ACAS v PCS conclusions





CASE NO. UKEAT/0160/17




















Note of Judgment of Soole J





n.b. a full hand-written note was taken and a transcript of the judgment will be available.

The Judge set out the findings of fact which the CAC reached and relevant law which they referred to in their judgement. He then went through the submissions of counsel before reaching the following conclusions.



  1. Considering first the alternative finding of the CAC that the Good Practice Services were an economic activity.

The starting point is the critical words in Regulation 2 on the definition of undertaking, namely

“carrying out an economic activity, whether or not operating for gain.”

I agree that the summary of the European jurisprudence as set out at [43] and [44] of the decision in Scattolon is an appropriate one. Clearly this reflects an amalgamation of decisions taken by the European Courts, however the definition of “economic activity” has equal application under the ICER Regulations as it does under Directive 77/187/EEC which relates to transfer of undertakings. It is important to note that the statements in Scattolon are not statutory and must be interpreted giving due consideration to the domestic law context.

It is correct that “economic activity” consists of offering goods and services on a given market and that this doesn’t require payment since it is equally applicable to services which are funded from another source. I accept that where the Panel states at [20] of its decision that

“it is sufficient if there is a remunerated provision of goods or services to a customer,”

this is evidently intended to reflect the broad application of the European case law. I therefore see there to be no inconsistency with the fact that 90% of services are funded by grant and the finding that these could constitute economic activity. I further agree with Miss Tuck that the definition can apply to a monopoly in a given market.

As to the exclusion of public powers referred to in Scattolon this must be understood in the context of domestic law. By taking too liberal a reading of the exclusion one would be in conflict with the ICER and would remove in effect the provisions which maintain the lack of distinction between public and private entities within the definition of undertaking. Since public bodies in the UK derive their powers from statute, too liberal a reading of the exclusion would mean that public bodies could not constitute an undertaking which is clearly in contradiction of the wording of the Regulations. Furthermore, to interpret the exclusion too widely would offend against the provisions in Regulation 42 regarding Crown Employment.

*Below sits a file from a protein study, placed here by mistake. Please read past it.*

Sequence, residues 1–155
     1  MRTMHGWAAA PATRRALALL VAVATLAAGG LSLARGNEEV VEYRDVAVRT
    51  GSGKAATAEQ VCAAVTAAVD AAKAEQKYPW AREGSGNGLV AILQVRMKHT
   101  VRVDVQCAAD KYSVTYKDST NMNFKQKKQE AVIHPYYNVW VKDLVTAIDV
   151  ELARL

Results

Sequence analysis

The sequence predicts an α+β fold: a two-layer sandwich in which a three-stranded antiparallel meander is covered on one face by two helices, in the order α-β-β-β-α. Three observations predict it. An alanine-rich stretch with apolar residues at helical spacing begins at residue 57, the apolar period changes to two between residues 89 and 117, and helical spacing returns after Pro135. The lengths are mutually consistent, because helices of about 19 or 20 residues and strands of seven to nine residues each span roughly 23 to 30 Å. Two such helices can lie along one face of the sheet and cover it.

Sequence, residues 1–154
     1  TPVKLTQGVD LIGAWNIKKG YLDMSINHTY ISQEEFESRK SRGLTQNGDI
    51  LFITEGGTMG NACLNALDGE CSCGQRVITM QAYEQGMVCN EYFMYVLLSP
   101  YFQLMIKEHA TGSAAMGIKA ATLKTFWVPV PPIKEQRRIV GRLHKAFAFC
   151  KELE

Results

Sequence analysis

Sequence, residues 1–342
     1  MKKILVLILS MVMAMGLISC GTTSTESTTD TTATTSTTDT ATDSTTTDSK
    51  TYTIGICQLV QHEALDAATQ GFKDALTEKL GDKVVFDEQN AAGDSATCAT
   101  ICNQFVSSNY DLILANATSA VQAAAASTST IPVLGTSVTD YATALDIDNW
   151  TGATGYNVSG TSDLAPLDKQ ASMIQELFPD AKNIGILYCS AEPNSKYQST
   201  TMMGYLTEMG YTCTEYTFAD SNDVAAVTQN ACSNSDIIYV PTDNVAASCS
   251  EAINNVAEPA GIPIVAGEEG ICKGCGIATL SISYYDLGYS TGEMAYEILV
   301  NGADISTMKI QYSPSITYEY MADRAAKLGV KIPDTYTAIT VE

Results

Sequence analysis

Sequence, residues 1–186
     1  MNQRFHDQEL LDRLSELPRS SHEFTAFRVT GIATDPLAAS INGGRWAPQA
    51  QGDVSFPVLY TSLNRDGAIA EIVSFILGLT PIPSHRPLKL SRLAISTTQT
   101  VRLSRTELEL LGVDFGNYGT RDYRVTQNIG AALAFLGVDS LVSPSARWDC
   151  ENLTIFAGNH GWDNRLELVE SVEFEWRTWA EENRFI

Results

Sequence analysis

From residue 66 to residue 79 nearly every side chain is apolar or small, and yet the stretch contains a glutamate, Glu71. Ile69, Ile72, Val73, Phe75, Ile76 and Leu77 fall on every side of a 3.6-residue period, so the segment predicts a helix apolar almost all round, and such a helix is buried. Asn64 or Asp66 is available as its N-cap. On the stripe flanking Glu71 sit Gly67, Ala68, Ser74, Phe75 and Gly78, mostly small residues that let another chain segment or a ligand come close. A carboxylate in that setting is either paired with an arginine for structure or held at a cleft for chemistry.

Miss Tuck submits this exclusion must be considered on a case by case basis with which I agree.

I further agree that the use of the indefinite article “an” in the phrase “an economic activity” is significant, and so it is enough to bring an undertaking within the Regulations if there is economic activity which is not de minimis or merely ancillary. I further agree with Miss Tuck that this conclusion is not in conflict with the decision in Moyer-Lee.

ACAS’ submission that its position as a conciliator within the ICER is a bar to the CAC’s jurisdiction is rejected.

In conclusion on the alternative finding of the CAC, we agree that Good Practice Services are economic activity, and having regard to the nature and percentage that those service represent for ACAS they cannot be said to be de minimis. Therefore, we have no doubt that the correct conclusion on the alternative finding was reached, and ACAS is an undertaking within the meaning of Regulation 2 ICER.

  1. The finding on the primary case by the CAC that all of the ACAS’ services constitute economic activity

It is evident that the Panel had the decision of Scattolon in mind at paras [19] – [24] and the Panel concluded that ACAS was not within the exclusion because it did not fall within the exercise of public authority since its activities were not governmental. In reaching its decision the CAC placed a great deal of emphasis on [42] of Scattolon, that an undertaking covered:

“any economic entity organised on a stable basis, whatever its legal status and method of financing.”

Having acknowledged the irrelevance of the method of funding the CAC concluded that both types of services provided by ACAS (90%:10%) are economic [24]. In this way, the Panel’s focus was on the economic activity of ACAS as an entity rather than on its activities. By way of striking example ACAS’ activities include conciliation under Employment Tribunals Act 1996, with such conciliation being provided by ACAS alone. The Respondent was not able to provide any real basis to support the contention that this was the provision of services on a given market and thus economic activity. Those conciliation services cannot be said to be economic even when acknowledging that a monopoly provision of services can be economic. The conciliation services fall squarely within the exercise of public power and thus outside the definition of Regulation 2.

It is unnecessary to consider in further detail the other services which ACAS provides, I conclude that it cannot be said that all services of ACAS are economic activity.

However, for the reasons already given this Appeal is dismissed.


Conor Kennedy

Old Square Chambers

10-11 Bedford Row

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